1. Discrete set theory.

this is some kinda of discrete set theory I want help with, heres the question and what I have so far, can someone explain what P(A) is, P(~A^B) and (P^~B)
also what are the independent variables.

I've included the questions in a pic, and i've written my work the best I could.

So
P(A^B) :: 0.3
P(A|B) :: 0.5 :: P(A) / P(A^B) , So, P(A) :: 0.5 * 0.3 :: 0.15
Now, P(~A^~B) :: 0.1 ,or , P(A v B) :: 1 -0.1 :: 0.9 :: P(A) +P(B) - P(A^B) , which gives P(B) is greater than 1.0 , this can't happen!

Originally Posted by rcmango
this is some kinda of discrete set theory I want help with, heres the question and what I have so far, can someone explain what P(A) is, P(~A^B) and (P^~B)
also what are the independent variables.
I've included the questions in a pic, and i've written my work the best I could.
So
P(A^B) :: 0.3
P(A|B) :: 0.5 :: P(A) / P(A^B) , So, P(A) :: 0.5 * 0.3 :: 0.15
Now, P(~A^~B) :: 0.1 ,or , P(A v B) :: 1 -0.1 :: 0.9 :: P(A) +P(B) - P(A^B) , which gives P(B) is greater than 1.0 , this can't happen
None of this makes any sense.
I take it that this is about probability?
What does "::" mean?
What do you know about the rules of a probability measure?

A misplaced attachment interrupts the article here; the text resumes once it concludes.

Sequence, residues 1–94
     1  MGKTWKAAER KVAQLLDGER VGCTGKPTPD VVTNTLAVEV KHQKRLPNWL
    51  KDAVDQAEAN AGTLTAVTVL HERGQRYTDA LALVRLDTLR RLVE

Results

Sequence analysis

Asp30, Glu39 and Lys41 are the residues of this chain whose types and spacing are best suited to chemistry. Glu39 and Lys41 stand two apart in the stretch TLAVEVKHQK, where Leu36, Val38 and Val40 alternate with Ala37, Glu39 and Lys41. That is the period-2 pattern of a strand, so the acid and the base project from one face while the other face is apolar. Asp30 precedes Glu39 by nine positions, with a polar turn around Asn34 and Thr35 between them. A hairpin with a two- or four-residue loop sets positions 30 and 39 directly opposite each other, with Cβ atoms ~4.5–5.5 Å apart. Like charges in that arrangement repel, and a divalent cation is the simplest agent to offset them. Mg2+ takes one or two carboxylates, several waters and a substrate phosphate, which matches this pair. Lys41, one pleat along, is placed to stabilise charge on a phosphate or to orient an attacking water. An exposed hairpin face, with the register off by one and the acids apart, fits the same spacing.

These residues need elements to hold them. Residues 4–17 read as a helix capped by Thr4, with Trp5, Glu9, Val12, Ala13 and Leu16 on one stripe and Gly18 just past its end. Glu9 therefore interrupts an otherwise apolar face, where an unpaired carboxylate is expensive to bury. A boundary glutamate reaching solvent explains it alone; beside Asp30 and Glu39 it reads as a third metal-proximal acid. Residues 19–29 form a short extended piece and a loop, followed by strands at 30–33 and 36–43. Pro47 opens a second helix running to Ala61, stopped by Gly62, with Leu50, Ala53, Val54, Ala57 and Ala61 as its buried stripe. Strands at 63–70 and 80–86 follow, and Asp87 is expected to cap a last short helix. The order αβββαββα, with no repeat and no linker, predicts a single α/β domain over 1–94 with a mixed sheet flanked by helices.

Originally Posted by Plato
None of this makes any sense.
I take it that this is about probability?
What does "::" mean?
What do you know about the rules of a probability measure?
:: means equals =
..hmm, if it didn't make any sense i would prefer to wait for someone who can make some sense out it, thanks

4. Re: Discrete set theory.

The following line
Originally Posted by rcmango
P(A|B) :: 0.5 :: P(A) / P(A^B)
looks suspicious because $\displaystyle P(A|B) = \frac{P(A \cap B)}{P(B)}$.

5. Re: Discrete set theory.

This is probability, not set theory. You might conflate the two because P(A) in set theory means "the power set of the set A", whereas here it means "the (prior) probability of event A". You might get more help if you put this in the undergrad probability forum.

6. Re: Discrete set theory.

Originally Posted by Annatala
This is probability, not set theory. You might conflate the two because P(A) in set theory means "the power set of the set A", whereas here it means "the (prior) probability of event A". You might get more help if you put this in the undergrad probability forum.
Thank you for responding to this post.
However, we do not encourage double postings.
The objection to the OP is that it is really nonstandard notation.
If posters do not know how to use LaTeX at least they can use standard mathematical notation.

Frankly, I see no reason to help someone who makes no effort to make his/hers question question readable.

7. Re: Discrete set theory.

No problem. I didn't know if there was a method for sending a post to another forum, or quashing it in one so it can be spawned somewhere more appropriate. I don't expect as many people who do probability on a regular basis would be here rather than there, though the question is simple enough that it's not that relevant.